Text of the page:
Thou great star! What would be thy happiness if thou hadst not those for whom thou shinest!

For ten years hast thou climbed hither into my cave: thou wouldst have wearied of thy light and of the journey, had it not been for me, mine eagle and my serpent.

This journey that Zarathustra is about to make is from the past into the future. Leaving his home at thirty to go into the mountains is reminiscent of Jesus leaving his home at thirty to go into the desert. The sun as the source of wisdom and its need for a vessel, a person to whom to bring wisdom, is a symbol of the union of God and man that existed in the past.

Zarathustra went down the mountain alone, no one meeting him. When he entered the forest, there suddenly stood before him an old man, who had left his holy cot to seek roots. And thus spake the old man to Zarathustra:

"No stranger to me is this wanderer: many years ago passed he by. Zarathustra he was called; but he hath altered.

Then thou carriedest thine ashes into the mountains: wilt thou now carry thy fire into the valleys? Fearest thou not the incendiary's doom?

Yea, I recognize Zarathustra. Pure is his eye and no l vcoathing lurketh about his mouth. Goeth he not alone like a dancer?

Altered is Zarathustra; a child hath Zarathustra become, and awakened one is Zarathustra: what wilt thou do in the land of the sleepers?

As in the sea hast thou lived in solitude, and it hath borne thee up. Alas, wilt thou now go ashore? Alas, wilt thou again drag thy body thyself?"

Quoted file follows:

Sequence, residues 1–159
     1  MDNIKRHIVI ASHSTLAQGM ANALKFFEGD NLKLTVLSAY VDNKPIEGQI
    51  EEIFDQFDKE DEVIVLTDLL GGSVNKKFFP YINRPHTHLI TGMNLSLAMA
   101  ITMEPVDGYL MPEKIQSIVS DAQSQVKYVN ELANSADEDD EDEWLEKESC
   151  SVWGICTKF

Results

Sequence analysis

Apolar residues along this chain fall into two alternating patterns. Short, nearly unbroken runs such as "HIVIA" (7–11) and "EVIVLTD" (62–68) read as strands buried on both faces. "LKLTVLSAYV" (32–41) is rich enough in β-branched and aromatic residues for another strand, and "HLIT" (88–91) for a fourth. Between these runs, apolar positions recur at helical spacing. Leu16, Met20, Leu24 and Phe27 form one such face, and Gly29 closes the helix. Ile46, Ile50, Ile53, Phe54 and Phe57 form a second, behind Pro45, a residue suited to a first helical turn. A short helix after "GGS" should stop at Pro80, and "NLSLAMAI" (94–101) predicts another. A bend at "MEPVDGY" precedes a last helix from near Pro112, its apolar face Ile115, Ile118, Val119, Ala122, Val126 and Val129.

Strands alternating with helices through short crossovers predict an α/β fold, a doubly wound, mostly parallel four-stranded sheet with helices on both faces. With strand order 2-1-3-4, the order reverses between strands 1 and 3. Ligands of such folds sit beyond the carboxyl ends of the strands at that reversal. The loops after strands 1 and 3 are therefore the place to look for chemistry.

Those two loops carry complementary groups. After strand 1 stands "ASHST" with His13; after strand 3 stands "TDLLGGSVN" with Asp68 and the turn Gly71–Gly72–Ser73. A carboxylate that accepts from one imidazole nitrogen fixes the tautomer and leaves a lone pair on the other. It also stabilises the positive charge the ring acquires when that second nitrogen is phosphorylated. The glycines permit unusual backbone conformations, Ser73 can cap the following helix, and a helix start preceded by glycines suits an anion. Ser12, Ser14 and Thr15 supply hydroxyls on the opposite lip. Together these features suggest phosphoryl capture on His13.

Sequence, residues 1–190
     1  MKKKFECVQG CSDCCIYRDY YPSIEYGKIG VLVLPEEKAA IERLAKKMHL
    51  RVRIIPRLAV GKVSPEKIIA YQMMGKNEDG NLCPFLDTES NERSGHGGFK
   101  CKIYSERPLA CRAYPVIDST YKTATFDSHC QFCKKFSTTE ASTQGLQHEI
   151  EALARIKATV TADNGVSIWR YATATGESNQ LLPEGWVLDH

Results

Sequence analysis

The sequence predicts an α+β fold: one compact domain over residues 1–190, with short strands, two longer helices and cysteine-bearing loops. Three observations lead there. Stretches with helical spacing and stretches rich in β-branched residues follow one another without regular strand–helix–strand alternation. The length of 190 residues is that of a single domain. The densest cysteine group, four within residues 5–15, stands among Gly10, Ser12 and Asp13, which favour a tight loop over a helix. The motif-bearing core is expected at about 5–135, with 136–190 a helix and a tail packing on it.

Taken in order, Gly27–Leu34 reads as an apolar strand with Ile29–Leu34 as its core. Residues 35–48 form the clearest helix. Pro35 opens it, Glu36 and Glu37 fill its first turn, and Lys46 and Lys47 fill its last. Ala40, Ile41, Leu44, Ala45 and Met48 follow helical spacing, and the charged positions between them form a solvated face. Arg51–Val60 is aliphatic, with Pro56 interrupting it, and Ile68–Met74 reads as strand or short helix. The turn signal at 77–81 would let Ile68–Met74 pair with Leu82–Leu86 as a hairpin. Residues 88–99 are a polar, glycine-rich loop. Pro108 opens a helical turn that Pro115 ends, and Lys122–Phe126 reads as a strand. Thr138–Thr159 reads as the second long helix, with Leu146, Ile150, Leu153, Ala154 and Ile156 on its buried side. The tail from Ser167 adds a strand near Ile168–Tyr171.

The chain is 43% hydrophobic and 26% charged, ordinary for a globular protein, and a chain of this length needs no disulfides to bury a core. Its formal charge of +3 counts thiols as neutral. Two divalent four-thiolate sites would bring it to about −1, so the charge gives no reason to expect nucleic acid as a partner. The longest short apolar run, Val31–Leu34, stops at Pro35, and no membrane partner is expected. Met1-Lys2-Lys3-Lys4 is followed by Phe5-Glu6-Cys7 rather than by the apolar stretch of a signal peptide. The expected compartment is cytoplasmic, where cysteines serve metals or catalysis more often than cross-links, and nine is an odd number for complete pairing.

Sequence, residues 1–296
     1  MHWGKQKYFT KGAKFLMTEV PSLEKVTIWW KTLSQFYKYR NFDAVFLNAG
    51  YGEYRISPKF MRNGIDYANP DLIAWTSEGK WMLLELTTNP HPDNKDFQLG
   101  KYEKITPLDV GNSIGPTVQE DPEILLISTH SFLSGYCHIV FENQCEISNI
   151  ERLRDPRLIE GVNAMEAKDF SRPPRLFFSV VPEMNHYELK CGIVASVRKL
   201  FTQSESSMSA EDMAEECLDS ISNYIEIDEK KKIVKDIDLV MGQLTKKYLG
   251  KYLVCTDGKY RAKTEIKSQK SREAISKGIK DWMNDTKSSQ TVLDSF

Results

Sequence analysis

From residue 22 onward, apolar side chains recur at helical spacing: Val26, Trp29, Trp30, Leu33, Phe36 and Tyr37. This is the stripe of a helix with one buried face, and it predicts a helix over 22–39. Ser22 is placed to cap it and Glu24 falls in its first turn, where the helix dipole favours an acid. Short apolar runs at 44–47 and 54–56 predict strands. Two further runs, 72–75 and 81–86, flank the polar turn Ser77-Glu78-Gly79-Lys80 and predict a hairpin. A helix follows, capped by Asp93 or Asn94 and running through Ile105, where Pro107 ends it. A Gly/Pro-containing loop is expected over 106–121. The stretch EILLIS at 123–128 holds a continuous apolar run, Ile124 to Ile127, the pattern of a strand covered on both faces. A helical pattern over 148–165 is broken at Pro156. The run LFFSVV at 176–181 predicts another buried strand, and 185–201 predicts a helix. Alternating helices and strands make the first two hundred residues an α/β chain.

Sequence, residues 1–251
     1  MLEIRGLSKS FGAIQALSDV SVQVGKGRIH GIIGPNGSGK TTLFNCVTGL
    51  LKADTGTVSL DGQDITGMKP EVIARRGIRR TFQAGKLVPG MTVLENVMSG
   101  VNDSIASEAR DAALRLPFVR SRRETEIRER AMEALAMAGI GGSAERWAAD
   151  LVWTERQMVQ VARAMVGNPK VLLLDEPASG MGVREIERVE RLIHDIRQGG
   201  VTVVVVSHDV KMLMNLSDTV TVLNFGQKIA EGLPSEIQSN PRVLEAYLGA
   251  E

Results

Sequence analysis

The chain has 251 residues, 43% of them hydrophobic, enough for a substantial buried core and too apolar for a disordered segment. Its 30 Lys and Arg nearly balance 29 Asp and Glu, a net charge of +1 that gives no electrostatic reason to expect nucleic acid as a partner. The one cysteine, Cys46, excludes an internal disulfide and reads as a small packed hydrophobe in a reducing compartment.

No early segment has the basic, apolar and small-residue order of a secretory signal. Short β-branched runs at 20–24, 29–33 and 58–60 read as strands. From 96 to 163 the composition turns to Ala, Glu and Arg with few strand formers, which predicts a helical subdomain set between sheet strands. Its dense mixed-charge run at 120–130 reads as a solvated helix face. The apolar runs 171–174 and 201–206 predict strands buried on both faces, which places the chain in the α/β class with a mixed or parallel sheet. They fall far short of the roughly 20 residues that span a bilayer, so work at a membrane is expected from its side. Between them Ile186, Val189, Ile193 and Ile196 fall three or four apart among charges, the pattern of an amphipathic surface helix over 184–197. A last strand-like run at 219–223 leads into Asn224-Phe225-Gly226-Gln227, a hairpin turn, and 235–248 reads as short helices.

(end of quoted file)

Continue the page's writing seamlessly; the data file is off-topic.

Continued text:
Zarathustra answered: "I love mankind."

The Old Man represents the traditional religious ascetic who has turned his back on man. His claim that he knew Zarathustra refers to Nietzsche's early upbringing as a religious scholar. Next Nietzsche put into the old man's mouth words that were only his unspoken thoughts, his secret motives. Of course you may say that these are only Nietzsche's opinion of his words, but if they did not reflect the feelings of the people of his time we probably would not be reading them now. In other words, by putting his own analysis of the old man's motives into his mouth, he expressed the opinions of those who found him important.

"Why," said the saint, "did I go into the forest and the desert? Was it not because I loved men far too well?

Now I love God: men I do not love. Man is a thing too imperfect for me. Love to man would be fatal to me."

The religious ascetic who goes into the cloister, does he go there for the sake of man? No, it is for himself. His love is for God and not for man.

Zarathustra answered "What spake I of love! I am bringing gifts unto men." "Give them nothing," said the saint. "Take rather part of their load, and carry it along with them --that will be most agreeable unto them; if only it be agreeable unto thee.

If, however, thou wilt give unto them, give no more than an alms, and let them also beg for it."

The last statement, of course, is an expression of what Nietzsche saw as the ultimate hypocrisy of the Christian religion. The idea that Christ shares the burden of the Christian along with the idea that those who are more fortunate should help care for those less fortunate were both concepts that Nietzsche condemned in all of his writings. Here, in The Genealogy of Morals. he took issue with it blaming it on the English psychological approach to the origins of morals.